Yesterday, Silicon Valley Analyst Jeremiah Owyang vaguely reported that executives are scared of their employees “working part-time (but paid full salary)” and “even working on side hustle startups,…
The reward system on the corporate ladder has become inextricably attached to a kind of professional abuse - that the only way to rise within a company is to be able to “take control” of a department and its people. This incentivizes those who are able to claim other people’s work and “make them” do things, while also actively deincentivizing being good at your job - middle managers are rewarded when they can take work from those who are good at their work but aren’t paid a manager’s salary.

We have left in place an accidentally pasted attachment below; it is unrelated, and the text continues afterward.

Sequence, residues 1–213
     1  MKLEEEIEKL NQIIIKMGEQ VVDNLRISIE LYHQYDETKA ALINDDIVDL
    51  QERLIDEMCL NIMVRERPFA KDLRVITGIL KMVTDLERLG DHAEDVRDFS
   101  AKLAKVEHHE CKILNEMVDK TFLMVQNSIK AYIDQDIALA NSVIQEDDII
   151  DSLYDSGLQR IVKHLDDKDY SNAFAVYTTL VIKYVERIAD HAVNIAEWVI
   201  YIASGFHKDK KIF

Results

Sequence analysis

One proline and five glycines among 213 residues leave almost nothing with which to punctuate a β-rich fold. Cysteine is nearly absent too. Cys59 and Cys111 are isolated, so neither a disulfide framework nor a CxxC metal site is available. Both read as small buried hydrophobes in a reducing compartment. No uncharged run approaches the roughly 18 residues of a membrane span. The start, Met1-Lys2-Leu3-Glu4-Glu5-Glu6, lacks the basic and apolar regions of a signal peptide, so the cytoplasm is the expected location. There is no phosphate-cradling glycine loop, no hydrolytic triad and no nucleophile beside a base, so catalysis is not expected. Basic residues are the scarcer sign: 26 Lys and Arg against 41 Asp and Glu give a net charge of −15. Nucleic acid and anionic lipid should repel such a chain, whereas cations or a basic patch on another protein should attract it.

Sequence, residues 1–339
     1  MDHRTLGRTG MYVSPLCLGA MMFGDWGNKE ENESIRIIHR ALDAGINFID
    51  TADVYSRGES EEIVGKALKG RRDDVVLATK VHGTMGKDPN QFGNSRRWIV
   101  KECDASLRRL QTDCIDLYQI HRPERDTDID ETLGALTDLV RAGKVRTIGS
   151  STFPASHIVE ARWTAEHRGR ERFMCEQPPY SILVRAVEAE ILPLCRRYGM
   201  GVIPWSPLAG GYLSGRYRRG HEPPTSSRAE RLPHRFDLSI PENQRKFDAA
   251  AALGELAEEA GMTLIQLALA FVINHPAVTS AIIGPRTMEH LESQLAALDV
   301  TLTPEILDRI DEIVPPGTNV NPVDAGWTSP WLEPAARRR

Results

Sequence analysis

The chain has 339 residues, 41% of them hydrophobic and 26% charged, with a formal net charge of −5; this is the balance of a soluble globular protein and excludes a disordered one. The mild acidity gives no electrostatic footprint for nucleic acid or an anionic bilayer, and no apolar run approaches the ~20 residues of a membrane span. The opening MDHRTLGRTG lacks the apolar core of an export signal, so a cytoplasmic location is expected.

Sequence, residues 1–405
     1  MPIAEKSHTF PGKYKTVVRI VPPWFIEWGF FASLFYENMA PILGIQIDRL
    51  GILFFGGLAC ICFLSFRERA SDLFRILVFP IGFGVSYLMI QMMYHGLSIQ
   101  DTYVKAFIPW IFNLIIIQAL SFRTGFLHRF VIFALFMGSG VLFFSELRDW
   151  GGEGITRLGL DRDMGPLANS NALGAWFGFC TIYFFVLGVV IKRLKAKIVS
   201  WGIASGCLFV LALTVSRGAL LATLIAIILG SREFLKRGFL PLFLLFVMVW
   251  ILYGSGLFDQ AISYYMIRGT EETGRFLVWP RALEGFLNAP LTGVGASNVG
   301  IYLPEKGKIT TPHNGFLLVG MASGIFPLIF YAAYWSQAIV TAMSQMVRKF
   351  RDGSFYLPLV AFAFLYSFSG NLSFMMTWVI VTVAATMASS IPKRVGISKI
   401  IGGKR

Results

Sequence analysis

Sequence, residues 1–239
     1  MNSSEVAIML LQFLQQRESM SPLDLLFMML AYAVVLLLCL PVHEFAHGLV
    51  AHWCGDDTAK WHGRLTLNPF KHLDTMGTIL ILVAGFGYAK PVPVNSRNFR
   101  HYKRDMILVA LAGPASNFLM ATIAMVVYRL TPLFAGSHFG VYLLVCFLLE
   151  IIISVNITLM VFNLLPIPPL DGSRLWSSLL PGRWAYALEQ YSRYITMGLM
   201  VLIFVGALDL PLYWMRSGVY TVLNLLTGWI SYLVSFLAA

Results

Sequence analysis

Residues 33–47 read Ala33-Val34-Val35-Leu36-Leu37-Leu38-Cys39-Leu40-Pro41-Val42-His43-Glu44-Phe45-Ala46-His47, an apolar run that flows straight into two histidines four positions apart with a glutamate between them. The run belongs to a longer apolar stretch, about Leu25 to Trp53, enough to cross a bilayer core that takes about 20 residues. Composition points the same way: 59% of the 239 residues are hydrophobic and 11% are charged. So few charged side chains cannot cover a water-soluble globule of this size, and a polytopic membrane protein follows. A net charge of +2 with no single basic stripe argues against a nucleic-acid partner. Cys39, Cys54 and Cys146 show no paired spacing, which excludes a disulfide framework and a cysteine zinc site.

The reason that remote work is so threatening to a lot of corporate thinkers is that it largely devalues the middle management layer that corporate society is built on. When you’re in person, a middle manager can walk the floors, “keep an eye on people” and, in meetings, “speak for the group.” While this can happen over Zoom and Slack, it becomes significantly more apparent who actually did the work, because you can digitally evaluate where the work is coming from.
“remote work inherently messes with the power dynamic of the worker and the boss, and it is going to make many, many brains malfunction.” The reason isn’t just about control, but the very fabric of how employment or contract work is designed, and the way in which we have been conditioned to view labor.